Amazon Commerce

Amazon Lays Plans For Up To 2,000 Grocery Stores

Amazon To Open Physical Grocery Stores

The tech giant may be heading into the brick-and-mortar grocery business.

According to internal documents viewed by Business Insider, the company is outlining plans for 20 pilot locations of an AmazonFresh-branded grocery store. The initial sites include Seattle, Las Vegas, New York, Miami and the Bay Area, GeekWire reported on Thursday (Oct. 27).

Many of those locations will also feature a drive-up, where customers can pick up orders placed online, while others will be traditional grocery store setups, where shoppers can browse for products.

The internal documents also revealed that Amazon expects to open as many as 2,000 of these grocery stores in the U.S. over the next 10 years.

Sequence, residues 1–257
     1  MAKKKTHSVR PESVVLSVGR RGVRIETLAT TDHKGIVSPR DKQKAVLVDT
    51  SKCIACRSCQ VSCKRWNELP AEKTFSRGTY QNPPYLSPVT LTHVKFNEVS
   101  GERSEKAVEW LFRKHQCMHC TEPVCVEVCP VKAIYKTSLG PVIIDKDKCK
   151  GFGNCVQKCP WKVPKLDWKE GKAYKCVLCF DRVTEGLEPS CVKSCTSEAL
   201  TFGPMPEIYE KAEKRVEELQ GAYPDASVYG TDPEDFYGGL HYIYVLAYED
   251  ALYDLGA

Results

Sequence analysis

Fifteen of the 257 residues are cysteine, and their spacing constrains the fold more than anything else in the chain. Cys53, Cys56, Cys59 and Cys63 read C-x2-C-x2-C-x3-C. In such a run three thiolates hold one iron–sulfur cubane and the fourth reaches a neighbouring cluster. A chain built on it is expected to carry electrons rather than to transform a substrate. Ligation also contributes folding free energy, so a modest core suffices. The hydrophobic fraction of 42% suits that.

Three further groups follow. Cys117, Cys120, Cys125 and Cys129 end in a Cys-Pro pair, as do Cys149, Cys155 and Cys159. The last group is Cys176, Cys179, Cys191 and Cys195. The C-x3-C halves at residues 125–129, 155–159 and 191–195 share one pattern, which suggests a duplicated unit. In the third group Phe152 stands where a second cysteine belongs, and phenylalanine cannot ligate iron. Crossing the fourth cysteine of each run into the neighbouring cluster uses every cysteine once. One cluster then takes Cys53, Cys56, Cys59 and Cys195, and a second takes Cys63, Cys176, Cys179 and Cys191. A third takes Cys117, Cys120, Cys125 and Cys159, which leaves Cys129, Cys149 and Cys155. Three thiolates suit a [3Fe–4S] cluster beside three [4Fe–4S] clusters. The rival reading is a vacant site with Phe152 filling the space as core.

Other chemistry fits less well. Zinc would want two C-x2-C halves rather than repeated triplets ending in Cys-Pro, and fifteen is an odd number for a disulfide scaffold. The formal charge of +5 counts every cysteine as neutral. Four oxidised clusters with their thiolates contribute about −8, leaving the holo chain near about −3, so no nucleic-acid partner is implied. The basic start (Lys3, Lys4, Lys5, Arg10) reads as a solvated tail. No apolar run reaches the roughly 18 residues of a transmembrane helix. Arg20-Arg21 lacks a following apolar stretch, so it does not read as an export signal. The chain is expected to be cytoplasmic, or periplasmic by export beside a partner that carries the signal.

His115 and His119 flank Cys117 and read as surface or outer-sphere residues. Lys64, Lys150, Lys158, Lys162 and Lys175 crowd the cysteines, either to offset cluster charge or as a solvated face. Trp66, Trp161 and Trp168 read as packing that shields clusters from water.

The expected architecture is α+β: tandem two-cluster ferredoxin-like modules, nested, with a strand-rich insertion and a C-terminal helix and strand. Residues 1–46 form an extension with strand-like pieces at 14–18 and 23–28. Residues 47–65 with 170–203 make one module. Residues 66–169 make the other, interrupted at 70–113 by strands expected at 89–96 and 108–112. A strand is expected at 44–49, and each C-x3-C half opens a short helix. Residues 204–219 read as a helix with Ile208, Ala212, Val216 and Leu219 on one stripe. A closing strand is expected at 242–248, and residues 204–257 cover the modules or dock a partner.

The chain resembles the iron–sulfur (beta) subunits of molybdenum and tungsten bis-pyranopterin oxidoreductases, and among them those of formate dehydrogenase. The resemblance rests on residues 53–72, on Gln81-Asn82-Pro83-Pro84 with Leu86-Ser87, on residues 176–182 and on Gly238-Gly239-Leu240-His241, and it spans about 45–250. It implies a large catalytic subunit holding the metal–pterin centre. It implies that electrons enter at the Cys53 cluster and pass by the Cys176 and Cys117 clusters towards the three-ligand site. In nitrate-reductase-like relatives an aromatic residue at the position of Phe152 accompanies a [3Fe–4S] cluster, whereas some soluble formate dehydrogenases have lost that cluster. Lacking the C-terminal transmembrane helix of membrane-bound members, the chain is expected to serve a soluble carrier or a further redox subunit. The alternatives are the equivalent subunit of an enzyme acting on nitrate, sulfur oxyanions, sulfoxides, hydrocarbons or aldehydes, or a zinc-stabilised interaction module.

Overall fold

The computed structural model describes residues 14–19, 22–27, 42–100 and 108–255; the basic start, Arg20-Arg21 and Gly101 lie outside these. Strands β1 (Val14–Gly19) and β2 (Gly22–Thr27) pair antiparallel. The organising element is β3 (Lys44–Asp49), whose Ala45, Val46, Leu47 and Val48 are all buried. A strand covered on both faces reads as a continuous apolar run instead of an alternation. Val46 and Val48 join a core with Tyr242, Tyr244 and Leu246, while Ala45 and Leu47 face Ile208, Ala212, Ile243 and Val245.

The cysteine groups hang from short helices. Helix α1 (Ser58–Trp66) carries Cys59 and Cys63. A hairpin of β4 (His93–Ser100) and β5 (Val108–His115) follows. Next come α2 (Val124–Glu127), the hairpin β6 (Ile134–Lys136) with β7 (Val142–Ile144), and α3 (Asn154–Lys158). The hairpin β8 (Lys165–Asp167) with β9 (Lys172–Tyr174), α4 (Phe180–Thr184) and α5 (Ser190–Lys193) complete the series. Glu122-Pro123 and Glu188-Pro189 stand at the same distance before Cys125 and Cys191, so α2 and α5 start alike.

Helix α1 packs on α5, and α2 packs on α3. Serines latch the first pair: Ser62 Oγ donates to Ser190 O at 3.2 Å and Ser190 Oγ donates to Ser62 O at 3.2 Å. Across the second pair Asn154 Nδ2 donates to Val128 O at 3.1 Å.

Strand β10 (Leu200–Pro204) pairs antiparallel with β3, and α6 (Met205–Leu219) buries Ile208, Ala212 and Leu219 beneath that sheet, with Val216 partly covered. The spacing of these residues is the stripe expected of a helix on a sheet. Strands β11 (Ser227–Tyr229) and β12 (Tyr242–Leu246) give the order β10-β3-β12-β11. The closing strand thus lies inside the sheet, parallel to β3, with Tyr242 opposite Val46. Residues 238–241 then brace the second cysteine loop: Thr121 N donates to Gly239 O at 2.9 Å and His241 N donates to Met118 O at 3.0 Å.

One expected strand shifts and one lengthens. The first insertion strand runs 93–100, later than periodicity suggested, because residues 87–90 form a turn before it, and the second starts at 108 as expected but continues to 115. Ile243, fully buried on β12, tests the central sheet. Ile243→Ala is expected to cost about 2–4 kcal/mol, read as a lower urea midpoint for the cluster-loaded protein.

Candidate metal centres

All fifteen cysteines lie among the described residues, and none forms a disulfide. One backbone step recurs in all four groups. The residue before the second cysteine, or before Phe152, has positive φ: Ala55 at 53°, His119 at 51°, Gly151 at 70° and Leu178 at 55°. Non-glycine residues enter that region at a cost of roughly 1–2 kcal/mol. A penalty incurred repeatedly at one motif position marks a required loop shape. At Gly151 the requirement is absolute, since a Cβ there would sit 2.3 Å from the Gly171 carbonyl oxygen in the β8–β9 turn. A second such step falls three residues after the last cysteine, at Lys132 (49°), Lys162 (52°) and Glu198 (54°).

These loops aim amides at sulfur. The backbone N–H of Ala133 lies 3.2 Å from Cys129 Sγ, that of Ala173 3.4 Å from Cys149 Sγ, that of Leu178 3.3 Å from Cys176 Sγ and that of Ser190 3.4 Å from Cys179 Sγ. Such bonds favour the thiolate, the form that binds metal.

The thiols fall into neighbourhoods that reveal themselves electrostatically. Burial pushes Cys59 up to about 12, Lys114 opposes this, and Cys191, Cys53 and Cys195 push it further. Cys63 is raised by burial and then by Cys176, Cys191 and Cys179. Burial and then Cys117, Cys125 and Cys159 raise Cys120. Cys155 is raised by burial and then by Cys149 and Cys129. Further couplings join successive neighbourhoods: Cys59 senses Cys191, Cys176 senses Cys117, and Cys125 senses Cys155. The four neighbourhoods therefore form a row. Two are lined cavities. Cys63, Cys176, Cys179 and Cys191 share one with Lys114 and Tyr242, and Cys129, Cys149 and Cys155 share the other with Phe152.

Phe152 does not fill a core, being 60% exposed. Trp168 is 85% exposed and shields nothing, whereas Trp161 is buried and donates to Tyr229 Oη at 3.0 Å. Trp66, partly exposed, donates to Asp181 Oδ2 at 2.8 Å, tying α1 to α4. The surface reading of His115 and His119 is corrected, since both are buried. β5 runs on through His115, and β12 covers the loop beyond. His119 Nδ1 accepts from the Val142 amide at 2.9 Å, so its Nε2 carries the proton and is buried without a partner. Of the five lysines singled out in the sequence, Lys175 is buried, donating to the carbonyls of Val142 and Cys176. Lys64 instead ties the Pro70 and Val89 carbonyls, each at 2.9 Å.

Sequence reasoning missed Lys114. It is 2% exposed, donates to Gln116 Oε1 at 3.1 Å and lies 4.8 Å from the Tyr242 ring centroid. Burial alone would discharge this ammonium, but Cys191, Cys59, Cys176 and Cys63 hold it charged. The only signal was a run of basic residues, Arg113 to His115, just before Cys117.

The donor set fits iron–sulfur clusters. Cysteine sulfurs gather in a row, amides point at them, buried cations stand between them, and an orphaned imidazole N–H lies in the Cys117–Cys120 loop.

Earlier this year, GeekWire uncovered the project sites for two Amazon drive-up locations in Seattle based on planning documents filed with the city.

Several media reports have noted that the stores are expected to be around 30,000 square feet, and the first stores in Seattle could open by the end of the year.

Last year, Amazon opened its first brick-and-mortar shop in Seattle’s University Village.

It didn’t take long for rumors to spread that the company had ambitions to actually open hundreds of bookstores across the country, possibly igniting its own major retail chain.

But Amazon has remained pretty mum on sharing exact numbers.

“We’re definitely going to open additional stores. How many? We don’t know yet,” CEO Jeff Bezos said at Amazon’s annual shareholder meeting, via The Wall Street Journal. “In these early days, it’s all about learning, rather than trying to earn a lot of revenue.”

It’s been an open secret for months that Amazon is less interested in selling books in its bookstores than it is in learning about how consumers behave in B&M stores in the first place.

“Everyone was shocked and amazed at Amazon’s bookstore, but the bookstore is a Trojan horse to get devices into consumers’ hands,” retail analyst Doug Stephens told Retail Dive. “Everything Amazon does is aimed at that — getting their consumer into their ecosystem.”

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